Anscombe-Glynn test for kurtosis:- The Anscombe-Glynn test for kurtosis tests for nonnormality due to light or heavy tails relative to the normal distribution (nonnormal kurtosis). Data sampled from a distribution with tail heaviness comparable to that for the normal distribution may not fail the kurtosis test, even if the distribution is substantially skewed (such as a truncated normal distribution, or a mixture of normal distributions with the different means but the same variance). Thus, failure to reject the null hypothesis does not necessarily mean that the data come from a normal distribution. If data fail the kurtosis test, the conclusion is that the underlying distribution has nonnormal kurtosis, but that does not preclude the possibility that is also substantially skewed with respect to the normal distribution. Examination of the calculated skewness, and of the histogram, boxplot, and normal probability plot may help in deciding whether the underlying distribution might also be skewed.
Outliers:- Because outliers can heavily influence both the skewness and kurtosis calculated for a data sample, the presence of a few outliers in a sample from a normal distribution may cause the sample to fail a normality test. The normal probability plot may help determine whether the apparent nonnormality might be due to the presence of outliers. Knowledge of the data and how they were measured may help determine whether an apparent outlier is due to a recording error, or is actually a genuine observation from a nonnormal distribution.
Very small sample sizes:- No matter which normality test is used, it may fail to detect the actual nonnormality of the population distribution if the sample size is small (less than 10), due to a lack of power. The histogram, boxplot, and normal probability plot may also be unable to provide much information in such situations.
Very large sample sizes:- With a very large sample size (well over 1000), a normality test may detect statistically significant but unimportant deviations from normality. Unless the normal probability plot indicates a source for the nonnormality, the normality test result may not be useful in this case. This is particularly true when the Kolmogorov-Smirnov test is being used with a specified mean and variance, since the hypothesis being test is whether the underlying distribution is one with precisely that mean and variance. (A failure of a normality test because the variance is 1.01 instead of 1.00 may not be of any practical significance.) With large sample sizes, most normal-theory-based tests like the t test are robust to nonnormality, and if the nonnormality is not apparent in the normal probability plot for a large data sample, it probably won't have a serious effect on the results of a normal-theory-based test.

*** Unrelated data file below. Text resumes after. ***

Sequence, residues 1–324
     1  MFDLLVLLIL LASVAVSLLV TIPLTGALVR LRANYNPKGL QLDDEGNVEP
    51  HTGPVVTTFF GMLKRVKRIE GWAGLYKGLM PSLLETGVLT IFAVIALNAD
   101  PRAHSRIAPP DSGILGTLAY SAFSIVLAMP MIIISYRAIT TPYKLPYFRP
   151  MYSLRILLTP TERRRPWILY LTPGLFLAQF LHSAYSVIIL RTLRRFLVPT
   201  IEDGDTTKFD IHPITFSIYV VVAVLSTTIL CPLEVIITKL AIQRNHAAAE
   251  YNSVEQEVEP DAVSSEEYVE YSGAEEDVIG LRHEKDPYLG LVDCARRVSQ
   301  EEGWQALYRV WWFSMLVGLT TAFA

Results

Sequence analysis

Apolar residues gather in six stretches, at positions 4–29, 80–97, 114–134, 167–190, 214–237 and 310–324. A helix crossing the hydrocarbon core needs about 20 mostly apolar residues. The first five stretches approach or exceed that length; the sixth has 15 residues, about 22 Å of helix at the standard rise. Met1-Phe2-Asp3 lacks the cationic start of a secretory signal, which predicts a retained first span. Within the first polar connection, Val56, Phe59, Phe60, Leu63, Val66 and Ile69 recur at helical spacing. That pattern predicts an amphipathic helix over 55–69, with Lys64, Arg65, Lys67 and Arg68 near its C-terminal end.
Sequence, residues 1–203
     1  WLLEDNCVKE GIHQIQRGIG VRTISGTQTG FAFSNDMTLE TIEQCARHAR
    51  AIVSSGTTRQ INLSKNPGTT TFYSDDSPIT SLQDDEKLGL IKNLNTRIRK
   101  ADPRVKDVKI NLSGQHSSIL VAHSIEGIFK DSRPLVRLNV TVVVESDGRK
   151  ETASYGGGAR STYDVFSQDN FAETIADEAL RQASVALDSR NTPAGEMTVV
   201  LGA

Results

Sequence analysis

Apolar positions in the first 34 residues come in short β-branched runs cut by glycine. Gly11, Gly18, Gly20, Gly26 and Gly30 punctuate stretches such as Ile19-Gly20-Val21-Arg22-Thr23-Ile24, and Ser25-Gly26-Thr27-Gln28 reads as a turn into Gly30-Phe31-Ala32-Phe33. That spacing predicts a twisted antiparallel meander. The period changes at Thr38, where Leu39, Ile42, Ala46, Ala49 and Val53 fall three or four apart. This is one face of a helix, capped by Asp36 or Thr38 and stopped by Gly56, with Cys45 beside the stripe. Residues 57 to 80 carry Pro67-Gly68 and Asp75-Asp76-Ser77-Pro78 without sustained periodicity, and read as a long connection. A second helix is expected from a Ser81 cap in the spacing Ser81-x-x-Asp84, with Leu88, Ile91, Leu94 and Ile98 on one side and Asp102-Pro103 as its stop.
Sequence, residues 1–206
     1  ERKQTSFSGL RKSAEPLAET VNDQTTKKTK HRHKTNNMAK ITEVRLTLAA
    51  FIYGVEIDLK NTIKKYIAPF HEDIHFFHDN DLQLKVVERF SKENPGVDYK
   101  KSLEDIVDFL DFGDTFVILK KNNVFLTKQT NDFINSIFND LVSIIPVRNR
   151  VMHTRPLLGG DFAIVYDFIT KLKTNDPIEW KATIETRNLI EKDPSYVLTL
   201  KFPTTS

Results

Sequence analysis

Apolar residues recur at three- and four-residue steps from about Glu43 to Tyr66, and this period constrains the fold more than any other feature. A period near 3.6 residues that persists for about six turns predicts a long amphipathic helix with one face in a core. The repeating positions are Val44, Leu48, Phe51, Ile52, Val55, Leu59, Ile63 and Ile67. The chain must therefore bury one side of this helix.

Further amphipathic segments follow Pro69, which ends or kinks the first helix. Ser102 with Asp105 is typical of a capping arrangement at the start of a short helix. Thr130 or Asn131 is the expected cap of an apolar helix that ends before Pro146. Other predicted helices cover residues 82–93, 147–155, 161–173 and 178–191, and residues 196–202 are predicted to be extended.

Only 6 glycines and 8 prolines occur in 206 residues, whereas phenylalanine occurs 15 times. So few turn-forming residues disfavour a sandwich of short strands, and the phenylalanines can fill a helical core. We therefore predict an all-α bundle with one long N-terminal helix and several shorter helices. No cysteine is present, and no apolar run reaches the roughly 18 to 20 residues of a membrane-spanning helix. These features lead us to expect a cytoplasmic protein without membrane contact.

Histograms:- The histogram for each sample has a reference normal distribution curve for a normal distribution with the same mean and variance as the sample. This provides a reference for detecting gross nonnormality when the sample sizes are large.
Boxplots:- Suspected outliers appear in a boxplot as individual points
oorxoutside the box. If these appear on both sides of the box, they also suggest the possibility of a heavy-tailed distribution. If they appear on only one side, they also suggest the possibility of a skewed distribution. Skewness is also suggested if the mean (+) does not lie on or near the central line of the boxplot, or if the central line of the boxplot does not evenly divide the box.Examplesof these plots will help illustrate the various situations.Normal probability plot:- The normal probability plot may be the single most valuable graphical aid in diagnosing how a population distribution appears to differ from a normal distribution. For values sampled from a normal distribution, the normal probability plot, (normal Q-Q plot) has the points all lying on or near the straight line drawn through the middle half of the points. Scattered points lying away from the line are suspected outliers.
Examplesof these plots will help illustrate the various situations.